PubDate: 2017-10-27T01:00:00Z
      DOI: 10.1108/LR-01-2017-0002
       
  • Social influence and cognitive instrumental factors as facilitators of
           perceived usefulness of electronic resources among library personnel in
           private universities in South-west, Nigeria
    • First page: 679
      Abstract: Library Review, Ahead of Print.
      Purpose The study examined the applicability of TAM2 theoretical constructs of social influence and cognitive instrumental factors vis-à-vis the facilitation of perceived usefulness of electronic resources among library personnel in private universities in South-west Nigeria. Design/Methodology/Approach Descriptive research design of correlational type alongside the single-stage random sampling technique were used to select 212 respondents from a population size of 259 library personnel across the 21 private universities in South-west Nigeria. The instrument used to elicit data was the questionnaire. Of the 212 copies of the questionnaire administered, 181 (85.4 per cent) were found valid for analysis. Findings Social influence and cognitive instrumental factors significantly had relationship with and facilitated perceived usefulness of electronic resources. Similarly, the study revealed that cognitive instrumental factors are stronger facilitators of perceived usefulness of electronic resources than social influence factors among library personnel in private universities in South-west, Nigeria. Practical implications Implementation of electronic resources without ascertaining library personnel usefulness perception leads to resource underutilisation and wastage. Management of private university libraries should, therefore, take into cognisance the usefulness perception of library personnel before the implementation of electronic resources for optimum utilisation. Originality/value There is no known research endeavour within the Nigerian context that examined perceived usefulness of electronic resources among library personnel in the private university domain, using the additional theoretical constructs of TAM2 as our research model suggests. This study is, therefore, a pioneering effort towards ascertaining library personnel’s perceived usefulness of electronic resources prior acceptance and use in private university libraries.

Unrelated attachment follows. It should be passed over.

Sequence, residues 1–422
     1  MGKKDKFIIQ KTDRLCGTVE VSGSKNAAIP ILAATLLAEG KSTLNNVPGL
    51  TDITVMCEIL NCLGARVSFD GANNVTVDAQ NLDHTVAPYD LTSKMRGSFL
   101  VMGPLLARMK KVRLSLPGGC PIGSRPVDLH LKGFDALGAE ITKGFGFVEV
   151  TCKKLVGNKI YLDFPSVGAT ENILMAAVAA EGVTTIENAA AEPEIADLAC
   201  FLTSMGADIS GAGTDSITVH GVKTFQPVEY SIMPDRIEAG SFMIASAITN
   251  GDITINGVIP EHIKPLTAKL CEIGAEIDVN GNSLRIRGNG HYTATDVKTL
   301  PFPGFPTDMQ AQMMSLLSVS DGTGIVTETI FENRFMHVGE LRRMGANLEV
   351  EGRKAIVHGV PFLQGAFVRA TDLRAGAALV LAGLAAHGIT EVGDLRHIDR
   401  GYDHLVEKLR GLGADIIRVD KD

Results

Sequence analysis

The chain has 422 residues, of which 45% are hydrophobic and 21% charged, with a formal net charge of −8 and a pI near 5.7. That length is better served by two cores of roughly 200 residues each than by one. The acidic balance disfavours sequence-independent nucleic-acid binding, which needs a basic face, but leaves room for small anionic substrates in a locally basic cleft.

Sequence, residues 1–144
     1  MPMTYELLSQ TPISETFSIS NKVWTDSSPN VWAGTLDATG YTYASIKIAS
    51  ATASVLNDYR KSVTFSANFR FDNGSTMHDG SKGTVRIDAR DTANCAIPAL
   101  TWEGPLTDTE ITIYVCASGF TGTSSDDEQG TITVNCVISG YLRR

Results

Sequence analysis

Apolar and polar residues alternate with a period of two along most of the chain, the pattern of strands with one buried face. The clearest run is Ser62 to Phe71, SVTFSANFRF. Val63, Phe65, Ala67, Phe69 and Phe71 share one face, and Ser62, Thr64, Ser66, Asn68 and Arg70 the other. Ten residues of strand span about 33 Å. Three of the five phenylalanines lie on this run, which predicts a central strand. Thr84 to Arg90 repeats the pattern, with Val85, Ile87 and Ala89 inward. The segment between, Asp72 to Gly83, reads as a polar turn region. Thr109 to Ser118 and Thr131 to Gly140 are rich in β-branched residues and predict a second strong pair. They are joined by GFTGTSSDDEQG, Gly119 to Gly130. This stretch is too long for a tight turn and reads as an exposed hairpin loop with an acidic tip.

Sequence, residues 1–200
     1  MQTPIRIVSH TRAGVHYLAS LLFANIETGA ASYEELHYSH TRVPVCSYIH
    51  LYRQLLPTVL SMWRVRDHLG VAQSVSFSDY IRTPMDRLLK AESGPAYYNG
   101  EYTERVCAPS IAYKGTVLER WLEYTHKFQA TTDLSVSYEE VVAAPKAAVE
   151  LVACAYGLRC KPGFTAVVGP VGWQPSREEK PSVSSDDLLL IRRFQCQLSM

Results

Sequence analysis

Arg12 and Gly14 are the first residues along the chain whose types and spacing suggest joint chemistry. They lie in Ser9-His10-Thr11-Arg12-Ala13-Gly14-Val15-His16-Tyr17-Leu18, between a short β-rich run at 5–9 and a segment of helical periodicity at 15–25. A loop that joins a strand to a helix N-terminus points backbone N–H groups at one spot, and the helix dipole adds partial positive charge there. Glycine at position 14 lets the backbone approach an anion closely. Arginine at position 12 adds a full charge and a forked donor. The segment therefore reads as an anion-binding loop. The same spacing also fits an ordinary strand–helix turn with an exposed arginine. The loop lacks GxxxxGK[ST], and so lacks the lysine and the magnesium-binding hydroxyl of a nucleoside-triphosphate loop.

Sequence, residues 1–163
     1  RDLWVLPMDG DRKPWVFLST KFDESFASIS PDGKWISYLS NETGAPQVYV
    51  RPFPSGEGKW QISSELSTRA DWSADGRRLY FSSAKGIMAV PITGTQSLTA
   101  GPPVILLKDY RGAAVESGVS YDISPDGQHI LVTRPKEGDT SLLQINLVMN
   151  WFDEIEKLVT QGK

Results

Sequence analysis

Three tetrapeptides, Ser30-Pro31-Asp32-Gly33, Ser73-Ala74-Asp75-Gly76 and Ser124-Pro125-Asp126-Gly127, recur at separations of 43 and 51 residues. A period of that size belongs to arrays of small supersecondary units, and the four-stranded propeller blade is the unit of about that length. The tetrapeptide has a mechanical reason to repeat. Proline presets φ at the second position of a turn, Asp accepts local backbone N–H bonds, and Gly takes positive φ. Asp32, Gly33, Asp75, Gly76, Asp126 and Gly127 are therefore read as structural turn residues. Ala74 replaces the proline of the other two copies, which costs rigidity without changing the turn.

Citation: Library Review
      PubDate: 2017-10-27T10:41:27Z
      DOI: 10.1108/LR-09-2016-0086
       
  • Humanistic perspectives in virtual reference
    • First page: 695
      Abstract: Library Review, Ahead of Print.